Any basin with seafloor spreading that forms over an active subduction zone is a backarc basin (BAB). The Gulf of Mexico (GoM) opened behind the 232–150 Ma Nazas arc over an east-dipping subduction zone in Late Jurassic time, beginning ca. 165 Ma, and thus is a BAB. The hypothesis that the Gulf of Mexico formed as a backarc basin explains two enigmas: (1) Why was the GoM opening pole (79–84°W, 23–30°N) so different from that of the central Atlantic (15–18°W, 65–67°N)? and (2) Why was the GoM opening so short-lived (ca. 165–142 Ma), when there was no collision or other obvious reason for seafloor spreading to stop? The GoM BAB hypothesis also illuminates the relationship between the GoM and the Border rift system, which can be traced from the GoM near the mouth of the Rio Grande >2000 km along the U.S. –Mexico border into the Independence Dike Swarm of eastern California. Late Jurassic rifting in the Border rift system was succeeded by thermotectonic subsidence through Early Cretaceous time. In addition, the segmentation of the transitional crust beneath the northern GoM into a magmatically robust segment beneath the Texas coast and a stretched margin beneath Louisiana is also consistent with BAB behavior: igneous activity is most prolific nearest the arc and diminishes with distance from the trench. A possible objection to the GoM BAB hypothesis is that the spreading ridge was oriented at high angles to the Nazas arc trend, whereas modern oceanic BAB spreading ridges generally parallel the associated arc. Continental BABs like the GoM develop spreading ridge orientations that are often at high angles to the associated convergent margin; for example, spreading ridges associated with the Miocene Sea of Japan and Andaman Sea BABs trend perpendicular to the associated arc. Such geometries reflect the presence of extensional stresses that are not orthogonal to the subduction zone, a situation that also existed in the GoM region during Late Jurassic time.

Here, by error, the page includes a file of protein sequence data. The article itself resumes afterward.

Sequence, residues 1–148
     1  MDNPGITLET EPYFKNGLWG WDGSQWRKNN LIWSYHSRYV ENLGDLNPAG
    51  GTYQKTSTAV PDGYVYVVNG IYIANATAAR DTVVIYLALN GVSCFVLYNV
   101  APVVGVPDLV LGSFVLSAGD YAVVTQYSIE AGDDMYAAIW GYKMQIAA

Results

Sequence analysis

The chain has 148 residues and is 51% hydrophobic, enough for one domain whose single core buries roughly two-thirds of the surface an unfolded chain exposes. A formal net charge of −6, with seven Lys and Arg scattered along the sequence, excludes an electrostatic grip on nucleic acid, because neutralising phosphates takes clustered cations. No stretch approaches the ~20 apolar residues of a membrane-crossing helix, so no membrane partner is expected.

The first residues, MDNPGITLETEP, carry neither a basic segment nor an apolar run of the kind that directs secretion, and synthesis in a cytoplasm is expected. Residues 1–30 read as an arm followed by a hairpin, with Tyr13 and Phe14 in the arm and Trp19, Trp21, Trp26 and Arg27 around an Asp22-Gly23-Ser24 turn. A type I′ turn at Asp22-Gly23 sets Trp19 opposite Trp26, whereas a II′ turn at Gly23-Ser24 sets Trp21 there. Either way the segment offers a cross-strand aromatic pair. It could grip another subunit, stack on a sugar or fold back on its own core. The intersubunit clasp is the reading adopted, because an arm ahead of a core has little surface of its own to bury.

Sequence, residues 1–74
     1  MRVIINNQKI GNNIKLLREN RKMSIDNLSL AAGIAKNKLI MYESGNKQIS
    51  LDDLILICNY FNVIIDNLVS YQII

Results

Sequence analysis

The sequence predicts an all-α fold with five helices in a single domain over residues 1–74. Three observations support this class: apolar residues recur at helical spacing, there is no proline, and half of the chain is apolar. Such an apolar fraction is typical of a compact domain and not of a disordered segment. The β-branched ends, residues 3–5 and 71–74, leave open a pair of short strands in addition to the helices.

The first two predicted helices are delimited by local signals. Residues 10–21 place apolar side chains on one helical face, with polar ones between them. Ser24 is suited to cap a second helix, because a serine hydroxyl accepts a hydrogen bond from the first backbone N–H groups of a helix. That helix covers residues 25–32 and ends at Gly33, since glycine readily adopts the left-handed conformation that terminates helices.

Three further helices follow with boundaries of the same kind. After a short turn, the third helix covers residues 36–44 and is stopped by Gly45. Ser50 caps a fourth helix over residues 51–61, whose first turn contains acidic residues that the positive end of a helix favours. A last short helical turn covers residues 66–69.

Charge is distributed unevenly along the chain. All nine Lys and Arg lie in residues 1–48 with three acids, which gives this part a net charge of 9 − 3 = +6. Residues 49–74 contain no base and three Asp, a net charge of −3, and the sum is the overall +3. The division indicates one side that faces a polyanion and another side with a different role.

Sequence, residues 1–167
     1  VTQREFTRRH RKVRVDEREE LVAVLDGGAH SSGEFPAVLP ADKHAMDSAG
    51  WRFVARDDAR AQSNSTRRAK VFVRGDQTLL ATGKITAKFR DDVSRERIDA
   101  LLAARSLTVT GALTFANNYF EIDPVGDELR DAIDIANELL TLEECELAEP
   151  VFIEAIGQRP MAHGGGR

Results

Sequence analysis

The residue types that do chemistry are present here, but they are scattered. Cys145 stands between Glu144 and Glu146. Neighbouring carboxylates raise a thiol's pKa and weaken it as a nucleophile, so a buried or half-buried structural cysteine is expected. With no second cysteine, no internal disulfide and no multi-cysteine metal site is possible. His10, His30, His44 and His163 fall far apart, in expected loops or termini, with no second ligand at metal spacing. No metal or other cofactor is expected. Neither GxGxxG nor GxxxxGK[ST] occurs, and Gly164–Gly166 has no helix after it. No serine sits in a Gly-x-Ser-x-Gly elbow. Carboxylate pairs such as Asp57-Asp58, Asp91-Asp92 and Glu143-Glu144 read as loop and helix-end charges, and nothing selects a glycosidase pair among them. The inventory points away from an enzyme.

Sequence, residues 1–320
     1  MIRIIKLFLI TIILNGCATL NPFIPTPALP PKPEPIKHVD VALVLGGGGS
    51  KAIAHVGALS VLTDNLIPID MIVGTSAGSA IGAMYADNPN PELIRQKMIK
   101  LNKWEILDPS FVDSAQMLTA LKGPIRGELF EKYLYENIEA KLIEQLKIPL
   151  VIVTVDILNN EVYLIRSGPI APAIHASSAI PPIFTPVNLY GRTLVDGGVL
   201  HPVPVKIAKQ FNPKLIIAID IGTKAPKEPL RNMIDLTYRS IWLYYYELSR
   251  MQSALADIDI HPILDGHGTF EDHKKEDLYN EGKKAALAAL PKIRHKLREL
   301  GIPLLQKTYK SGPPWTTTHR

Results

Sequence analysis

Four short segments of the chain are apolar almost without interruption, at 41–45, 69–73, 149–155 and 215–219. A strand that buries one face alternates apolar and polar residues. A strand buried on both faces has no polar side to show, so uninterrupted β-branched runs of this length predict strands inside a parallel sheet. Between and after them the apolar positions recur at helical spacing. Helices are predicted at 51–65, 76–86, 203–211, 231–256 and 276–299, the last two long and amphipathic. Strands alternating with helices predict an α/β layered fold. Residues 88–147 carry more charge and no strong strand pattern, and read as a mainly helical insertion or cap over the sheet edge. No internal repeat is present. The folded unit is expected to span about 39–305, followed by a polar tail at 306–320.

- Received 6 February 2010.
- Revision received 22 July 2010.
- Accepted 11 August 2010.
- © Geological Society of America